Jesse Jarnow

“go where i send thee” – golden gate jubilee quartet

“Go Where I Send Thee” – Golden Gate Jubilee Quartet (download here)
from Gospel Music (2006)
released by Hyena Records (buy)

(file expires January 12th)

We can talk all we want about popcraft, but the most genuine hooks are those in folk music — real folk music, that is, the type that existed before recordings. In fact, after a song has been passed from generation to generation and continent to continent, all that’s left is what people can remember: hooks.

Like the Beverly Hills Teens theme song, “Go Where I Send Thee” — performed here by the Golden Gate Jubilee Quartet — has been lodged in my head for most of my life without me ever owning a proper recording. I suspect I learned it from a lily-white Pete Seeger rendition, but I’m not really sure. (The 1937 GGJQ version is from Joel Dorn and Lee Friedlander’s awesome Gospel Music mix.)
In Folk Songs of North America, where it is labeled “The Holy Baby,” Alan Lomax traces it as such:

Versions of this ancient mystic song have been recorded everywhere in Europe. Archer Taylor (Journal of American Folklore, LXII, p. 382) suggests that its origin may be found in Sanskrit, but that all European versions are probably derived from a Hebrew chant for Passover (Echod mi Yodea, first printed in Prague in 1526). The earliest known English translation of the Jewish religious folk song appeared in the seventeenth century, but a number of distinct forms soon developed.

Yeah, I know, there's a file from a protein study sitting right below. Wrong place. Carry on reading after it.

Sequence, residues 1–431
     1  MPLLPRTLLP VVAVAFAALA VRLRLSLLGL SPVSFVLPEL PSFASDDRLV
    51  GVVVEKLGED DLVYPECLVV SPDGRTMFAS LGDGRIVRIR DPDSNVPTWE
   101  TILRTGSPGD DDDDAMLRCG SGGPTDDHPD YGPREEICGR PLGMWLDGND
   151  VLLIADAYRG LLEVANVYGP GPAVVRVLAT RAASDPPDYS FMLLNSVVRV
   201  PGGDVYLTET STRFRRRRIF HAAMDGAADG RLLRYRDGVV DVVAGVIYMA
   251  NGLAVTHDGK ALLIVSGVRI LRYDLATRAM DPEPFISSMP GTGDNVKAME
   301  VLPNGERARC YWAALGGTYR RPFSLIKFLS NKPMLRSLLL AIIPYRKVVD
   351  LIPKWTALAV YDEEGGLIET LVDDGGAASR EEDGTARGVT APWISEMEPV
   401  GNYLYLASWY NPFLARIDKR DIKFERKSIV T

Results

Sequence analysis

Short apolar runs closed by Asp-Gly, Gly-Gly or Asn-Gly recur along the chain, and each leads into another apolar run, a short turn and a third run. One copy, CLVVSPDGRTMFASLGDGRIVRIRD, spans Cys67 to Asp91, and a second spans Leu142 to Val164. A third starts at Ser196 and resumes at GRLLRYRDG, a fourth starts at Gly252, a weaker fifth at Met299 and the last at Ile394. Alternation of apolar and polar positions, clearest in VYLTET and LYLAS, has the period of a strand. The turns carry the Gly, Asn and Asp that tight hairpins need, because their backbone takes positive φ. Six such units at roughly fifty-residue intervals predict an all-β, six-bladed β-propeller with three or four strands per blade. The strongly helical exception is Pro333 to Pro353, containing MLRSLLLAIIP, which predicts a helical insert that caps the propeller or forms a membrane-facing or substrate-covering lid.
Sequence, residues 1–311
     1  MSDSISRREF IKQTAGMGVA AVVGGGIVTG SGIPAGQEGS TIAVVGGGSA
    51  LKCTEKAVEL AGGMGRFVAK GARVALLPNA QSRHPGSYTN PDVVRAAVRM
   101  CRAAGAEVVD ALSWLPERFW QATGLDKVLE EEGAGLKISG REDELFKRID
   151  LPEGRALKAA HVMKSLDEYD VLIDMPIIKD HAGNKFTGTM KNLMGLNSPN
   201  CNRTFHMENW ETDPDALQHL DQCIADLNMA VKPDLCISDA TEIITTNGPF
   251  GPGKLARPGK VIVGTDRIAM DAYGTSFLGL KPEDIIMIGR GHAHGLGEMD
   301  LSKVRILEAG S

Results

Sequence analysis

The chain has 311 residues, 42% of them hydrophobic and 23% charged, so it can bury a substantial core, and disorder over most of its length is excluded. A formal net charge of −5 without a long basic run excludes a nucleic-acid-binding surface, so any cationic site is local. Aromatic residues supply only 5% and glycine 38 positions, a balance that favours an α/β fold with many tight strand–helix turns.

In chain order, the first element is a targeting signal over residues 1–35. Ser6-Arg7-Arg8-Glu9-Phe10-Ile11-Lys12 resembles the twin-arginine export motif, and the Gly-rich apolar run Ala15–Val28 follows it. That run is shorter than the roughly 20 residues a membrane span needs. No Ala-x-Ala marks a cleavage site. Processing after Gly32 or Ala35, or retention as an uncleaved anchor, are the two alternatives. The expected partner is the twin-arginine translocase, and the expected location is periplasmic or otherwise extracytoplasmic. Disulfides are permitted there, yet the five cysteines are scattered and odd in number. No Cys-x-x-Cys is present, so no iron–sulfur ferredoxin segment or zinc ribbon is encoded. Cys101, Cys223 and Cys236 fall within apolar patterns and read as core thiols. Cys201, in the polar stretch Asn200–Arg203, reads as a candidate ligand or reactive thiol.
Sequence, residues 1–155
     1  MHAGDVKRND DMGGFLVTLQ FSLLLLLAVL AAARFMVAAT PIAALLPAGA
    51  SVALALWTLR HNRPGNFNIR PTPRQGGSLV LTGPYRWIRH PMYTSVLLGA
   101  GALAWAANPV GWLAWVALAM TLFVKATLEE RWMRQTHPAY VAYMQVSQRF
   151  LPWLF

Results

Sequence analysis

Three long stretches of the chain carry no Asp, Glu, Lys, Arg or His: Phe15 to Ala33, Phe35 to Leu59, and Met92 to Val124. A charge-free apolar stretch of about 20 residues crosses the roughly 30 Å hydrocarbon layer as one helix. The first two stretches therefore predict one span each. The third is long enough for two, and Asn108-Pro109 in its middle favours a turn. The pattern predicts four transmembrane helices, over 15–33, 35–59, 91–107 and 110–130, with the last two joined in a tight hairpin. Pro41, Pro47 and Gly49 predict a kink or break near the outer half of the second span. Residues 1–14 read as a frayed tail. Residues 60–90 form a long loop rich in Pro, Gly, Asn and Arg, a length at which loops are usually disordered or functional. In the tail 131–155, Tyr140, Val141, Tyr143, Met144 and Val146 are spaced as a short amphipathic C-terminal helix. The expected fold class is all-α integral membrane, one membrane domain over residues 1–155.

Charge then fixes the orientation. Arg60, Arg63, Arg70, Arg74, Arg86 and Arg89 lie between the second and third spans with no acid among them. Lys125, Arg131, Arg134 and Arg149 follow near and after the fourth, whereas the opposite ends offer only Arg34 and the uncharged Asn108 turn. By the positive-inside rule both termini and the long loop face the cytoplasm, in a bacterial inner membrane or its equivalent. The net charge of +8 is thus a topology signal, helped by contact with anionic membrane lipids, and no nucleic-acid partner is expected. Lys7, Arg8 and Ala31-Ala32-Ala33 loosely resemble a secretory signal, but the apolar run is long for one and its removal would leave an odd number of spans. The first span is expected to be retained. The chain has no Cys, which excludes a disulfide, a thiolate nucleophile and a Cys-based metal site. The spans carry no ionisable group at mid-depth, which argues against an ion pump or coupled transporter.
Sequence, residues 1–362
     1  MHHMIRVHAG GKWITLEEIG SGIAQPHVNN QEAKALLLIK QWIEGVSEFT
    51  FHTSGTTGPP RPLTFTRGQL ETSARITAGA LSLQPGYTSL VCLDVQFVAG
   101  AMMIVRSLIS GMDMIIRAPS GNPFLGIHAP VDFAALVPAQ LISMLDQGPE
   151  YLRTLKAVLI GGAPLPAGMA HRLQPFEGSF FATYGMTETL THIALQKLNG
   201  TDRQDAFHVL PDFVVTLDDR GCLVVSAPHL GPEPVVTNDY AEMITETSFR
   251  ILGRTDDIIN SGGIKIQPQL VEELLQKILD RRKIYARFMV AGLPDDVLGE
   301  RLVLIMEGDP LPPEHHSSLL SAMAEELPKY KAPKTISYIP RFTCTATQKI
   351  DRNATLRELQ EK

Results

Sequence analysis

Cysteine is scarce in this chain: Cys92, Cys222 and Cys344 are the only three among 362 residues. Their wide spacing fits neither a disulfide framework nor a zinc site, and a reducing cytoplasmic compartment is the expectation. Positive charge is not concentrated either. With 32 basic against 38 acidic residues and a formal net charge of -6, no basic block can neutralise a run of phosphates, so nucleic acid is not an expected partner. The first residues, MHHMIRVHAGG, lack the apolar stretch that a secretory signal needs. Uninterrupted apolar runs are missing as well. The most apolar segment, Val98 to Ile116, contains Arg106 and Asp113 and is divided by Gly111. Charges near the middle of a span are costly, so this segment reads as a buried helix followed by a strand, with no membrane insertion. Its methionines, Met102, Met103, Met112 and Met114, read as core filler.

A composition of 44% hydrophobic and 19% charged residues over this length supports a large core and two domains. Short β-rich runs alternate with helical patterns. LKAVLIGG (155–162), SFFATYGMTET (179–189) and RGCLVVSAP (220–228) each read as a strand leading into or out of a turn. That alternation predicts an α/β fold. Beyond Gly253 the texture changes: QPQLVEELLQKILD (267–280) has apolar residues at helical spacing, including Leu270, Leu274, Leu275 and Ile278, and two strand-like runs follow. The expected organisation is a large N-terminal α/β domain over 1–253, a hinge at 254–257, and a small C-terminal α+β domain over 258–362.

To my ears, “Go Where I Send Thee” — the melody at its core, anyway, the specific part that never left me — doesn’t sound particularly like any of these cultures, the American South included. The refrain, the little drop between “send” and “thee,” just sounds like something I remember, everything whittled away except for its exact emotional effect. To paraphrase Frank Zappa: Folk isn’t dead. It doesn’t even smell funny.


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